Creola, AL to New Orleans, LA

167 miles/267 Km

23 June 2006

Photo Gallery and Commentary

Today we arrived at Robert, Louisiana, our home until Tuesday. Robert is located north of Lake Ponchartrain, 50 miles from New Orleans. Susie is participating in the annual American Library Association meeting. Our preference would have been to camp closer to New Orleans, but hurricane Katrina put an end to those thoughts. The campground we had used on previous visits to the city is full of FEMA trailers housing construction and relief workers. Reservations at that campground were not available until a few weeks ago, and then only on a limited basis. The other alternative campground is still closed. We had identified some other possibilities, but a local friend strongly suggested that we look north of the lake.

The trip from Creola, AL was relatively easy. We covered the distance in about three hours. We picked up Interstate 10 in Mobil and headed west. We anticipated seeing quite a bit of damage along the route, but other than some damaged billboard and downed trees we didn't see much. The highway runs a few miles north of the coast and the towns that received the heaviest damage in Mississippi and Louisiana are south of the highway and not visible from it. I plan on going to the parts of New Orleans that were seriously damaged from the flooding and wind and will post some pictures later during this segment of our journey.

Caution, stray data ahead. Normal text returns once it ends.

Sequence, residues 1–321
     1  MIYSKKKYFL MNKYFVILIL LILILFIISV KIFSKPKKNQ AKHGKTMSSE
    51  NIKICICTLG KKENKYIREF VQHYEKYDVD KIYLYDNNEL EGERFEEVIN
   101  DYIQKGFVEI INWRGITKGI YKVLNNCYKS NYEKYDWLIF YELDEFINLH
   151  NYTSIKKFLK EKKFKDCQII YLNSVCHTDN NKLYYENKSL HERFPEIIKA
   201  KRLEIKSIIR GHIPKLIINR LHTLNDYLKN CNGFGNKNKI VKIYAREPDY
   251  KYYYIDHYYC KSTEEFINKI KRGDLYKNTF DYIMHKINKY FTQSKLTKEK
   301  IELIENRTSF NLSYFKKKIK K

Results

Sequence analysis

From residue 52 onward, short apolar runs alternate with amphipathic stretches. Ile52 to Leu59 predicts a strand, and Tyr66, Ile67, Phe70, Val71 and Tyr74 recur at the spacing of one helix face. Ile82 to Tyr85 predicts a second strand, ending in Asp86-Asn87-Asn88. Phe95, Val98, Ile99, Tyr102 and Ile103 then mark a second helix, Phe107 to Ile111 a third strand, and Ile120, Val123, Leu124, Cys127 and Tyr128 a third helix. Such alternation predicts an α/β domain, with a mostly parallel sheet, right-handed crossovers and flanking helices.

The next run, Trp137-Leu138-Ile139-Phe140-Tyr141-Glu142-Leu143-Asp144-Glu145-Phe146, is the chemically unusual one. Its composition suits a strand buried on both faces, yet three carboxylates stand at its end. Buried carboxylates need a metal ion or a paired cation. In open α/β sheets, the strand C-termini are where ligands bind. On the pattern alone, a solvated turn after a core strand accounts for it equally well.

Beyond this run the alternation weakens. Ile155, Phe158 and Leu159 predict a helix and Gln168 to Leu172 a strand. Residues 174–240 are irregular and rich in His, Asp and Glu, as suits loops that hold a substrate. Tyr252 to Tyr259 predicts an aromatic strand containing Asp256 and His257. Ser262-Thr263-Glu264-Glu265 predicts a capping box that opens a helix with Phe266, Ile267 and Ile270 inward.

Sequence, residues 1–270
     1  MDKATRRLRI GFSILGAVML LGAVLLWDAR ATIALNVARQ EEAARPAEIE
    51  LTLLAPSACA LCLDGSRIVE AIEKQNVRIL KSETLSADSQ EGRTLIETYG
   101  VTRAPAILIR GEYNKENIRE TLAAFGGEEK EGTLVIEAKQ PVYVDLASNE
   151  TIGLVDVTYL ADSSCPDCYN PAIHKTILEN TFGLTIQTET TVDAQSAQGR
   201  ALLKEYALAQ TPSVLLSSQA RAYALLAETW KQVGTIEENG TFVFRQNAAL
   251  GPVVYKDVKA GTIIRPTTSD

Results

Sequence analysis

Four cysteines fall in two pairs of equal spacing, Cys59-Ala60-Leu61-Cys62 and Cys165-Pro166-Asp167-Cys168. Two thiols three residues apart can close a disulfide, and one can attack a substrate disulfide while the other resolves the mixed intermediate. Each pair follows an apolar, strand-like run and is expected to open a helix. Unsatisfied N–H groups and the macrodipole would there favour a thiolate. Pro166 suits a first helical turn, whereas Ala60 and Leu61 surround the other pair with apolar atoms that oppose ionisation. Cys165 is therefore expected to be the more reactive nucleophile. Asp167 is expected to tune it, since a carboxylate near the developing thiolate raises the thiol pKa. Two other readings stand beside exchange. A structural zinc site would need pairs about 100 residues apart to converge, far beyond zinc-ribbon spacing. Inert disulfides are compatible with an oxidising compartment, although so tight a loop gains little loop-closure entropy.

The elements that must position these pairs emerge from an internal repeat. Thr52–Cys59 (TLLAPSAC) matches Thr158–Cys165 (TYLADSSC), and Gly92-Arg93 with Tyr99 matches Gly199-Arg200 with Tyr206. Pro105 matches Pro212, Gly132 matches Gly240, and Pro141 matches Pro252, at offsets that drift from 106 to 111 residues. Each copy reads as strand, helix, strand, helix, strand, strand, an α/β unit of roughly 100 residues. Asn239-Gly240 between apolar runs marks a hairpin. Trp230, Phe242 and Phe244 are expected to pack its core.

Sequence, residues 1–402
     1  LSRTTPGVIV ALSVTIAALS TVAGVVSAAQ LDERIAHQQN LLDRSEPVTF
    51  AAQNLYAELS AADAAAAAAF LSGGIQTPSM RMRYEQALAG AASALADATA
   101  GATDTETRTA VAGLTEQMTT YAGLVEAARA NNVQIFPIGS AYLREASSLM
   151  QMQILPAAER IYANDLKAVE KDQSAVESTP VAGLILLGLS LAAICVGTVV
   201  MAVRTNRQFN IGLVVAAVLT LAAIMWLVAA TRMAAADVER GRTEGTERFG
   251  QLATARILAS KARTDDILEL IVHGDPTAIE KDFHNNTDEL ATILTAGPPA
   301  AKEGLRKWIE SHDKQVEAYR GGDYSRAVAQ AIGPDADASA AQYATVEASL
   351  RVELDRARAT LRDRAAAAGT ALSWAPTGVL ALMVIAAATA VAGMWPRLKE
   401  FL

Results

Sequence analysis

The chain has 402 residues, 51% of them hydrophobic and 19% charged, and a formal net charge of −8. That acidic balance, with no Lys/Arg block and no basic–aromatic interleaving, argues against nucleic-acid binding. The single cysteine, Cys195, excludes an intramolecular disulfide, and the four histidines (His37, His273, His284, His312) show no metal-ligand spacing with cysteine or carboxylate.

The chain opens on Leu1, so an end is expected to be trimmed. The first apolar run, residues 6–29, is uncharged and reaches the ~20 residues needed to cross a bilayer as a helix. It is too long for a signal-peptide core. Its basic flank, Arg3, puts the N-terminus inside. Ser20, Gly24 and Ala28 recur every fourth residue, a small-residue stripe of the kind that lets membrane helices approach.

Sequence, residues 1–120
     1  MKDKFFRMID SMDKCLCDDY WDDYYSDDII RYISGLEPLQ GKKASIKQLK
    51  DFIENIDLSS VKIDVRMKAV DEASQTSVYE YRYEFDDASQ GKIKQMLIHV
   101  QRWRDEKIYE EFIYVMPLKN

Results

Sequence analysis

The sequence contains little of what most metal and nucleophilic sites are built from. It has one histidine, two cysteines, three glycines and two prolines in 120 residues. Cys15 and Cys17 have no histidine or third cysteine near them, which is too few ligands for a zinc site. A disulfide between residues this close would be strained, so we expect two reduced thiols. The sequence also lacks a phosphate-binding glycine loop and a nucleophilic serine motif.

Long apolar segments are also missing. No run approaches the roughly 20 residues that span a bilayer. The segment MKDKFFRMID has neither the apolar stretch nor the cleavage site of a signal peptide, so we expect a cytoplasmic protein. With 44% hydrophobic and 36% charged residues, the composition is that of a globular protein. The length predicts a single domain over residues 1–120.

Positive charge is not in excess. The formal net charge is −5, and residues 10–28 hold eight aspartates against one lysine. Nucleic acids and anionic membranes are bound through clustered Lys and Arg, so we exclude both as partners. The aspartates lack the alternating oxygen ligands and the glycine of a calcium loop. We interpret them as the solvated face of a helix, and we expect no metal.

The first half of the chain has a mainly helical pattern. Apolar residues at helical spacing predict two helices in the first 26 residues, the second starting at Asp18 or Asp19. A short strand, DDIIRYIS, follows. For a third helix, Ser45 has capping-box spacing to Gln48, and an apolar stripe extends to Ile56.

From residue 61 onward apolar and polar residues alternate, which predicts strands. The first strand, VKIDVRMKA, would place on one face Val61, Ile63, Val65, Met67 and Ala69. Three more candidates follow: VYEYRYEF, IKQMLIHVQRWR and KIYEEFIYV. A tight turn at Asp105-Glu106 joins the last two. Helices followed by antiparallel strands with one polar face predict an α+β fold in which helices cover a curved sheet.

Many of the people following us have little or no idea of what campgrounds are all about so I thought I would take some pictures of Yogi Bear's Jellystone Park, where we are staying. This campground is really not representative of many of the places we will be staying. The Jellystone Parks "brand" is more of a destination park. It is geared to family camping with activities for the adults and the children. This particular campground (see ) has several hundred sites, a large recreation hall, store, playground, swimming pool and several bath houses. Many of the sites have concrete pads that make leveling the trailer easier (of course, our site is the only one in this section of the campground that doesn't have the pad). It appears that there are many people who leave their trailers here on a permanent basis and use it as a getaway home. This campground has lots of trees that provide some shade (welcome in this weather). As a contrast, the campground we stayed in last night had about 70 sites and was geared to transients coming in for an overnight stay. It had limited facilities and no pool. It appears to have what seemed like a lot of construction workers who are staying there while working on Katrina damage.

A typical section of Jellystone Park, bath house on right
Our site
Rental cotteges on the lake
Large Recreation Hall, paddle boat rental